Why I Closed South of Holgate

I had a couple of goals for starting South of Holgate.  One was to put a dent in my financial situation and the other was to provide quality affordable food for my neighborhood, which has a great need with a disproportionate number of low and fixed income residents and two federally-recognized food deserts. 

Unfortunately, opening the food cart made my financial situation much worse.  The addition of the start-up expenses quickly gave the appearance of me being a high risk borrower and even more quickly sent my monthly revolving payments thru the roof.  Regardless of how busy the cart was, my financial situation continued to worsen.  It didn’t help that when I opened the food cart I had no experience in running a business, nor any experience of substance with commercial cooking.  And once it became clear I needed help, trying to understand and implement everything that goes into having employees was just not possible with the number of hours I was already putting in.  In the end, it was better for me financially to close the food cart than to keep it open.

As for offering quality affordable food, I think I was successful in doing that with nothing on the menu over $3.95 and most of the menu items being homemade.  

One of my long term goals was to convert the rest of my property to mostly edibles for use in the food cart.  While that is no longer possible with the cart, it does lead to one of the long term things I hope to focus on for the future.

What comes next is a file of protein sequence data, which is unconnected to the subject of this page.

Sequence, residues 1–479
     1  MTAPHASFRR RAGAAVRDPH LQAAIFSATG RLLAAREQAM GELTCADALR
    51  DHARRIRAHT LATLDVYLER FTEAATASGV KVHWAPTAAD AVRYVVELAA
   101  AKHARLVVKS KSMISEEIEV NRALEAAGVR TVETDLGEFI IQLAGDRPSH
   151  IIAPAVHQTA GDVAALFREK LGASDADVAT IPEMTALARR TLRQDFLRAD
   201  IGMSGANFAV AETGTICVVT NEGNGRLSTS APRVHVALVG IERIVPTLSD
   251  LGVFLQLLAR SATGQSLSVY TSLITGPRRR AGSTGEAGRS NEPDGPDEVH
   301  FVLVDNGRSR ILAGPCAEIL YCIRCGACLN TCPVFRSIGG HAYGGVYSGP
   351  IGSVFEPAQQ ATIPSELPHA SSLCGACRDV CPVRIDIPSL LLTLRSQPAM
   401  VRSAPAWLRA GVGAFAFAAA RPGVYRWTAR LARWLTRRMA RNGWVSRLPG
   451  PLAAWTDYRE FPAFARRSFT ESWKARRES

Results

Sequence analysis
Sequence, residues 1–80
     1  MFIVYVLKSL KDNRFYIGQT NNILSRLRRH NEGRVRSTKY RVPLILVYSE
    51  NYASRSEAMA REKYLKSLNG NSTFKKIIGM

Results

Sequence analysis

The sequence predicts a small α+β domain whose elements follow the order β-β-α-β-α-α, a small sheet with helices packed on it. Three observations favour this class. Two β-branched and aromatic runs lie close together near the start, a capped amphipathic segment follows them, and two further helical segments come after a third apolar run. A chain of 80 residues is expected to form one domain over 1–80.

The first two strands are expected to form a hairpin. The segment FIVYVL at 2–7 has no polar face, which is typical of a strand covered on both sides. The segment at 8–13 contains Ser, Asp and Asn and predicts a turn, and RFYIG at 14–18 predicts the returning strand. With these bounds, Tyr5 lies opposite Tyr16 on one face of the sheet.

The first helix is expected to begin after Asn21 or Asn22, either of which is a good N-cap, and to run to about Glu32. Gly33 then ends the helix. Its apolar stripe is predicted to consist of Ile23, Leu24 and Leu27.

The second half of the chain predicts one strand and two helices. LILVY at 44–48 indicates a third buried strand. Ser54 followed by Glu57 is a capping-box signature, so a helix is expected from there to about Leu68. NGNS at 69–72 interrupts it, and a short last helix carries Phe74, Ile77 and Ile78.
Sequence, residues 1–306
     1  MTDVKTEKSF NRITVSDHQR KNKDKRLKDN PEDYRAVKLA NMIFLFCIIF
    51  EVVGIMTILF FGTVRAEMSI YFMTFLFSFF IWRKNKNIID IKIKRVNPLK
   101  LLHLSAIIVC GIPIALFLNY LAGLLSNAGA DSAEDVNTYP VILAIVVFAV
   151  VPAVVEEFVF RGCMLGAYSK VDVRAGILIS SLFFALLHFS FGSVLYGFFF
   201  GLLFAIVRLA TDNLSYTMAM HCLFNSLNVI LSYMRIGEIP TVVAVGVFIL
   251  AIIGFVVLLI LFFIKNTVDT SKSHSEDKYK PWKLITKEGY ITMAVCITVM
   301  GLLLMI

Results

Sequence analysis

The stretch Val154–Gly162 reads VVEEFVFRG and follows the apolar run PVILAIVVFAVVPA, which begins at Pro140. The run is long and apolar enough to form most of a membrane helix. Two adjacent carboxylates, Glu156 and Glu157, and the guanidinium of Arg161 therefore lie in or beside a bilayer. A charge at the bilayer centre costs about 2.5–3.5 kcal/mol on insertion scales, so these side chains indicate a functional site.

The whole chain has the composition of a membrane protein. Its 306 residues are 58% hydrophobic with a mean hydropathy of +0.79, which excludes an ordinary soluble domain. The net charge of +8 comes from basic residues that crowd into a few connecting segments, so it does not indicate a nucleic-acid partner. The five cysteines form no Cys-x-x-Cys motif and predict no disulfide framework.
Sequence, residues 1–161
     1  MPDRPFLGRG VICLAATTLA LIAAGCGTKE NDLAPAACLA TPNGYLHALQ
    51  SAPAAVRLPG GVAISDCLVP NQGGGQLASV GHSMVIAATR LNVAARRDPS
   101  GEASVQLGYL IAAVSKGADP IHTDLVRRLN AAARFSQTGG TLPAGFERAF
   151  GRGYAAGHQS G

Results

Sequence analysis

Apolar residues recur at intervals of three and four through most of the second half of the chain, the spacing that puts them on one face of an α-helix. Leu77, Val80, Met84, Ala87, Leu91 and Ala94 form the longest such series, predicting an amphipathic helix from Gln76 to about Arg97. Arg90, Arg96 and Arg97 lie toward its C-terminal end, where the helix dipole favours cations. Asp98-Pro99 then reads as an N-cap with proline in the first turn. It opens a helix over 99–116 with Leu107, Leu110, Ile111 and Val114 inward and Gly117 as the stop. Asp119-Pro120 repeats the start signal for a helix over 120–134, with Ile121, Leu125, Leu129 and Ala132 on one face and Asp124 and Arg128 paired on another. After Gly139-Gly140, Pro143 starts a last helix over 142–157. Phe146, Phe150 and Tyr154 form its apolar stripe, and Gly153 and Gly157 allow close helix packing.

What I Hope To Focus On

While the food cart was open, I shared with a number of customers about my long term goal to grow a lot of the food for the cart on site.  While that is no longer possible, I still hope to bring fresh affordable food to the neighborhood by moving forward with converting my property to mostly edible landscaping and selling directly to folks in the neighborhood.

It’s not about choice.  It’s about affordability.

One of the things I sold at the cart was candy, including small candies for as low as a nickel.  A number of the younger neighborhood kids would come in for candy.  One Summer, I decided to sell some of the wild blackberries growing on my property and plums from my sole productive tree.  I charged a quarter for a single plum or a small paper cup of blackberries.  The kids who normally would buy candy, were buying the fresh fruit and asking for it each time they came in until it was no longer available.  This was all the proof I needed that if healthy food is affordable, people will eat it, even kids.

My plan is to focus on fruiting trees and bushes, as well as seasonal vegetables if yields are sufficient for selling.  My property is almost half an acre, so there is still plenty of room for a lot of food producing trees, bushes, and other plants.  I already have a number of fruit trees, but most are very young and will probably need a few more years before they yield sufficient fruit for selling to the neighborhood.

I’m hoping to have a wide variety of fruits, including some that are difficult to find at the grocery store such as paw paws and figs.  I currently have several varieties of plums, as well as figs, paw paws, apples, pears, cherries, and persimmon.

I may add chickens or ducks in the future and offer fresh eggs if I feel I have the time to not only ensure their safety from predators, but also the necessary daily maintenance as well as the collection of any eggs.

If you would like to be notified of product availability, please send your name and e-mail address to: markpdx@centurylink.net.

This document created by Mark White and made possible by the Mark for Portland 2020 campaign.